Check out Technically Philly’s coverage of the Hour of Code in Philadelphia schools.
Computer Science Education Week’s Hour of Code initiative, a national educational movement that introduces and demystifies computer coding and computational thinking, has just concluded. The event ran from December 9-15, 2013. The Hour of Code initiative was created to address the lack of formal computer science education in K-12 schools in America and empower students to be creators of digital media, not just consumers of it.
As part of the initiative, over 16 million students were engaged nationally in a variety of online and offline educational tutorials. Computer Science Education Week was supported by organizations and individuals such as Apple, Microsoft, Google, Amazon, the Boys and Girls Clubs, the College Board, Bill Gates, Mark Zuckerberg, President Bill Clinton, and over 100 others.
Numerous schools in the Philadelphia area participated in the Hour of Code initiative. The Urban Technology Project’s Digital Service Fellows (DSF) an award-winning AmeriCorps program dedicated to improving digital literacy and closing the digital divide in Philadelphia, took this opportunity to help introduce students to computer science in schools throughout the city. The Digital Service Fellows assisted teachers by serving as technology specialists and guides for the various activities. During Computer Science Education Week, the DSFs assisted 25 teachers and served over 900 students at ten schools throughout the city of Philadelphia.
These engaging activities inspired students, as young as first graders, and as old as 8th graders, to start learning about computer science. The Hour of Code activity was well received by classes where Digital Service Fellows provided support; 85 percent of students polled expressed that they would like to learn more about computer science. The Hour of Code tutorials will remain online to encourage students to explore further and continue learning about code and computer science. A link to the CSEdWeek tutorials can be found here: http://csedweek.org/learn.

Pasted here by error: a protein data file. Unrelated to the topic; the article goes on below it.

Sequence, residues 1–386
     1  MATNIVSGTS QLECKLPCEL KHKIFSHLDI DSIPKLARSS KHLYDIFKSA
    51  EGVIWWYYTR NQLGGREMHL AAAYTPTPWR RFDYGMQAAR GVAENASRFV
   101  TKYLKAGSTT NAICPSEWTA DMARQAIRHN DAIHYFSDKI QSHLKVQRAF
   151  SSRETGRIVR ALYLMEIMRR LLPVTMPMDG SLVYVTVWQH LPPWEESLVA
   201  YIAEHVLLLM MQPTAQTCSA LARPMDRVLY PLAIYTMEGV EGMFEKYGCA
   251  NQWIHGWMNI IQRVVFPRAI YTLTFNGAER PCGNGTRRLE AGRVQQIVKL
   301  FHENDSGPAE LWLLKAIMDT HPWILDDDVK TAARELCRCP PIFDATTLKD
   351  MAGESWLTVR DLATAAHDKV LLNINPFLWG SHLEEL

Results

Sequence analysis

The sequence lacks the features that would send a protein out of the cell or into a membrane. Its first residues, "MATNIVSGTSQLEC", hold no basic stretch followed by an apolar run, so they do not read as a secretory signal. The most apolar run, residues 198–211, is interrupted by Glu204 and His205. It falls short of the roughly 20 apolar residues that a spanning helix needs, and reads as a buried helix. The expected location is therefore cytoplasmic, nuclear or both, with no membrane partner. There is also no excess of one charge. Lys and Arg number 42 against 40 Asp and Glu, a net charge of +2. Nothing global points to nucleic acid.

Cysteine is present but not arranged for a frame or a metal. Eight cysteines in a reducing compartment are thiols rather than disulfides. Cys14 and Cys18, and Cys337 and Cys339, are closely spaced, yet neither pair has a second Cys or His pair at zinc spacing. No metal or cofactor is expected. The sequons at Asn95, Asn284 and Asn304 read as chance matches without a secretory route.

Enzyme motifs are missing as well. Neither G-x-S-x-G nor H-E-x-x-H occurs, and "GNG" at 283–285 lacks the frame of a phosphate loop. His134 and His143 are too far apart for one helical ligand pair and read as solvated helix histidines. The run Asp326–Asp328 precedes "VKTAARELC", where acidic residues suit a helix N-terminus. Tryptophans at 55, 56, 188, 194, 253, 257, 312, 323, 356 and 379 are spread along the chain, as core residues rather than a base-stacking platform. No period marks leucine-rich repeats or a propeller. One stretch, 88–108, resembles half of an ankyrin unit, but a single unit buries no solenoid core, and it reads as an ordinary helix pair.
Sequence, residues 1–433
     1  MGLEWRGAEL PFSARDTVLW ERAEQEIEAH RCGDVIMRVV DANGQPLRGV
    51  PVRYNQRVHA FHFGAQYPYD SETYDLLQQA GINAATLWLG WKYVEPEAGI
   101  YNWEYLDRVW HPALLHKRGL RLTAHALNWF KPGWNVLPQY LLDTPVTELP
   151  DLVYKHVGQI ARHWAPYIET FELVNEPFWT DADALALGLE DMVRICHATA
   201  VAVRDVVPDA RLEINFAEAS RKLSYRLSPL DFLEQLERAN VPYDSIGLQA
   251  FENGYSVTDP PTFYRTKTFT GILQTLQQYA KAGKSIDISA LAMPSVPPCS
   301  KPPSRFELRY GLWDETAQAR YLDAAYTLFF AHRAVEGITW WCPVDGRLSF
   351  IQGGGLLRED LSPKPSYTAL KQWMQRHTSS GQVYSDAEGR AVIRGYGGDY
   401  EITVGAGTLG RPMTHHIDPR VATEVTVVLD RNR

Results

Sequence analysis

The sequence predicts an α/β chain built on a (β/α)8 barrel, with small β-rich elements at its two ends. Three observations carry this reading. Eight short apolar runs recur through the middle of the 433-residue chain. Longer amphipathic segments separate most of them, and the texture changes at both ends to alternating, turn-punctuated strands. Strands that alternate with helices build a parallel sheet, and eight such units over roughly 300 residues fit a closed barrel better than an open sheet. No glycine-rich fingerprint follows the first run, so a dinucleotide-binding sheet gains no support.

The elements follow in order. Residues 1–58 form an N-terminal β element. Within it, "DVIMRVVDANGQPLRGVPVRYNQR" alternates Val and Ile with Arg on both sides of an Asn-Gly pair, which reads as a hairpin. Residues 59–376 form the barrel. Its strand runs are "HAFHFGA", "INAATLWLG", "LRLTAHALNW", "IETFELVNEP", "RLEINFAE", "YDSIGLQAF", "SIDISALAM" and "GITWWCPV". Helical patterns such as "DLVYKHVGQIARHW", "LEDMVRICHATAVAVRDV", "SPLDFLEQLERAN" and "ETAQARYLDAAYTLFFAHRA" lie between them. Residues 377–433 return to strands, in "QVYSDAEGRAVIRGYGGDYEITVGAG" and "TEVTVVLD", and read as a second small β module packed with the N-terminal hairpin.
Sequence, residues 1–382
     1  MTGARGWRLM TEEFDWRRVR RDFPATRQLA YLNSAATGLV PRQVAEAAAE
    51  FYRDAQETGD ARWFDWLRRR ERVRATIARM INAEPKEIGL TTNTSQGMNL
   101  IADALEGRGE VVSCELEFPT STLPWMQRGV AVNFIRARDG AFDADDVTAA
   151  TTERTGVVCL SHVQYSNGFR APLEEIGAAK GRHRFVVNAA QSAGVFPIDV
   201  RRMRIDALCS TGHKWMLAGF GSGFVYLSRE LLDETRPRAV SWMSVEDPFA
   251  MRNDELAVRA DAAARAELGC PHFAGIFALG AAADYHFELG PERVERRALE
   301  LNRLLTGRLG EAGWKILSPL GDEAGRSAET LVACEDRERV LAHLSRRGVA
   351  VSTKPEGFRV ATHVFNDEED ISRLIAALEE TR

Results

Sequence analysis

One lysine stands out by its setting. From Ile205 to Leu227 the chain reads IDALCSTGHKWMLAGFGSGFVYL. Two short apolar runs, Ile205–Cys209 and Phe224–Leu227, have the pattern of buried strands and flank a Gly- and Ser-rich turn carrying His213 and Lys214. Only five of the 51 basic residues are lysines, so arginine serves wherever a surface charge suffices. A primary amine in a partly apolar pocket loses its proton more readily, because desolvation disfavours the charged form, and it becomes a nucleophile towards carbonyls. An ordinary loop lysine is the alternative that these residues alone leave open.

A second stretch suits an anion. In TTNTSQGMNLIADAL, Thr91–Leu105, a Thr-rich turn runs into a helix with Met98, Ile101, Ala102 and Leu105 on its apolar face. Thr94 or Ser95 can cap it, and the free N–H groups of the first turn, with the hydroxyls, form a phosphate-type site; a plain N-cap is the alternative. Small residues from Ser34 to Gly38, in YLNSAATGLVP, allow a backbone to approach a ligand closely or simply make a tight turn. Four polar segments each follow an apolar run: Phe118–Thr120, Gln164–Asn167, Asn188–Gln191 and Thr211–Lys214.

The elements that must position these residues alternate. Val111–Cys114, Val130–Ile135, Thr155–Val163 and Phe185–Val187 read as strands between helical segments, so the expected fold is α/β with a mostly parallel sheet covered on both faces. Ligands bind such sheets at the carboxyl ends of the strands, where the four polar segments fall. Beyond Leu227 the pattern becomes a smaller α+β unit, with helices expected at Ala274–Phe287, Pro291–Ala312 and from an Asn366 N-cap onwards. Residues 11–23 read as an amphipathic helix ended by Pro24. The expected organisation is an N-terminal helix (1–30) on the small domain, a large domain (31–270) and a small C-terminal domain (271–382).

The Urban Technology Project’s Digital Service Fellows worked hard to provide service during Computer Science Education Week. However, it would not have been possible without all of the teachers, administrators and parents, who welcomed the Urban Technology Project into their schools and communities. We thank everyone for their
passion and support during this last week. The Hour of Code initiative allowed us to address the need for greater digital literacy. Computer Science not only prepares students for college degrees or careers that utilize technology, it emphasizes creative problem solving and persistence. Computer Science is applicable in hundreds of industries and areas of focus. A workforce that is highly skilled and tech savvy is required for the twenty-first century. The Digital Service Fellows were proud to help engage students in using computers and technology to code. Our hope is to continue these connections so that we can mentor students in coding and application design on a regular basis.
We served in the following schools:
|Edwin M. Stanton School||A.B. Day School||James R. Lowell School||Jay Cooke Elementary School||Dr. Ethel Allen School||Thomas K. Finletter School||Horatio B. Hackett Elementary School||Woodrow Wilson Middle School||Luis Muñoz- Marín School||Gen. G. A. McCall school|
Have you ever wondered what it’s like to work at one of the largest tech companies in the world? This past Friday the Urban Technology Project’s Digital Service Fellows (DSF) had the unique opportunity to speak with Chris Watkins, an employee with Google. Chris was able to meet us from across the country through a “Google Hang Out” from their Mountain View Campus in California. Jay Cohen, public school parent, Google Doc and apps developer and long time friend of the Urban Technology Project, connected with Chris when he traveled to Google’s Mountain View campus in California for a development event last month.
Chris spoke with the Digital Service Fellows about his experiences and the importance of persistence in achieving one’s professional goals. He talked about his experiences growing up outside of Chicago, attending college and working at Google as a recruiter focused on incorporating minority populations in the tech industry.
The DSFs had a chance to introduce our program and what the Urban Technology Project does, and how they develop their professional skills and provide service to parents, students and community members in Philadelphia. The DSFs had a chance to ask Chris questions about how he came to work at Google, what it’s like to work with a big tech company and what the server room looks like. He said he hasn’t seen it, due to high security.
Chris received the questions openly and responded with great advice. He expressed the importance of enhancing one’s versatility by beginning to learn coding languages, and emphasized the utility of scripting and how prevalent languages like Java, Python and Bash are in the tech industry. He advised that the DSFs do the best job they can, and take advantage of all the learning opportunities they get, because down the line it will pay off in getting a job or recommendation for another employer. The meeting with Chris left the DSF’s feeling energized and gave them an insight into the process of getting a job and what it’s like at one of the largest tech companies in the world. At the end of our discussion he said, “it’s like any other job” there are days when you don’t feel like going, and there are days when you enjoy it.